ABSTRACT. For example, circle orders are the containment orders of circles (actually disks) in the plane (see [8,9]). Degrees of Freedom Versus Dimension for Containment Orders Noga Alon 1 Department of Mathematics Tel Aviv University Ramat Aviv 69978, Israel Edward R. Scheinerman 2 Department of Mathematical Sciences

More information

Adding vectors We can do arithmetic with vectors. We ll start with vector addition and related operations. Suppose you have two vectors

Adding vectors We can do arithmetic with vectors. We ll start with vector addition and related operations. Suppose you have two vectors 1 Chapter 13. VECTORS IN THREE DIMENSIONAL SPACE Let s begin with some names and notation for things: R is the set (collection) of real numbers. We write x R to mean that x is a real number. A real number

More information

USE OF EIGENVALUES AND EIGENVECTORS TO ANALYZE BIPARTIVITY OF NETWORK GRAPHS

USE OF EIGENVALUES AND EIGENVECTORS TO ANALYZE BIPARTIVITY OF NETWORK GRAPHS USE OF EIGENVALUES AND EIGENVECTORS TO ANALYZE BIPARTIVITY OF NETWORK GRAPHS Natarajan Meghanathan Jackson State University, 1400 Lynch St, Jackson, MS, USA natarajan.meghanathan@jsums.edu ABSTRACT This

More information

11 Ideals. 11.1 Revisiting Z

11 Ideals. 11.1 Revisiting Z 11 Ideals The presentation here is somewhat different than the text. In particular, the sections do not match up. We have seen issues with the failure of unique factorization already, e.g., Z[ 5] = O Q(

More information

A Turán Type Problem Concerning the Powers of the Degrees of a Graph

A Turán Type Problem Concerning the Powers of the Degrees of a Graph A Turán Type Problem Concerning the Powers of the Degrees of a Graph Yair Caro and Raphael Yuster Department of Mathematics University of Haifa-ORANIM, Tivon 36006, Israel. AMS Subject Classification:

More information

Direct Methods for Solving Linear Systems. Matrix Factorization

Direct Methods for Solving Linear Systems. Matrix Factorization Direct Methods for Solving Linear Systems Matrix Factorization Numerical Analysis (9th Edition) R L Burden & J D Faires Beamer Presentation Slides prepared by John Carroll Dublin City University c 2011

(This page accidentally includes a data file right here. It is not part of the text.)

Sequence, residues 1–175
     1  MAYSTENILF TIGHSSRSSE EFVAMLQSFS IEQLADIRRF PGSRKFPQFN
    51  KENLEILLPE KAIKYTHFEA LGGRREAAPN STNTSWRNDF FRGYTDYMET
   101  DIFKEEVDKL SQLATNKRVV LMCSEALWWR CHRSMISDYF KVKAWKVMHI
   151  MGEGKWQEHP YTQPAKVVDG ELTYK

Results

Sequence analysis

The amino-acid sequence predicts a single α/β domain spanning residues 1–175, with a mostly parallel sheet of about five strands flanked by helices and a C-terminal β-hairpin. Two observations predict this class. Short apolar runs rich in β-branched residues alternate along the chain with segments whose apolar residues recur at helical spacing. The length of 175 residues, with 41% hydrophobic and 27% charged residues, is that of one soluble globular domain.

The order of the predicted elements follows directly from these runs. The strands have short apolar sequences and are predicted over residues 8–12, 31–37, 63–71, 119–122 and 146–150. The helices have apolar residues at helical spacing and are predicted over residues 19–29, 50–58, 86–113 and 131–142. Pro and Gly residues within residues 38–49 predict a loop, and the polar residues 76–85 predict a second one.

More information

Design of LDPC codes

Design of LDPC codes Design of LDPC codes Codes from finite geometries Random codes: Determine the connections of the bipartite Tanner graph by using a (pseudo)random algorithm observing the degree distribution of the code

More information

Factoring. Factoring 1

Factoring. Factoring 1 Factoring Factoring 1 Factoring Security of RSA algorithm depends on (presumed) difficulty of factoring o Given N = pq, find p or q and RSA is broken o Rabin cipher also based on factoring Factoring like

More information

Factoring Algorithms

Factoring Algorithms Factoring Algorithms The p 1 Method and Quadratic Sieve November 17, 2008 () Factoring Algorithms November 17, 2008 1 / 12 Fermat s factoring method Fermat made the observation that if n has two factors

More information

Large induced subgraphs with all degrees odd

Large induced subgraphs with all degrees odd Large induced subgraphs with all degrees odd A.D. Scott Department of Pure Mathematics and Mathematical Statistics, University of Cambridge, England Abstract: We prove that every connected graph of order

More information

A network flow algorithm for reconstructing. binary images from discrete X-rays

A network flow algorithm for reconstructing. binary images from discrete X-rays A network flow algorithm for reconstructing binary images from discrete X-rays Kees Joost Batenburg Leiden University and CWI, The Netherlands kbatenbu@math.leidenuniv.nl Abstract We present a new algorithm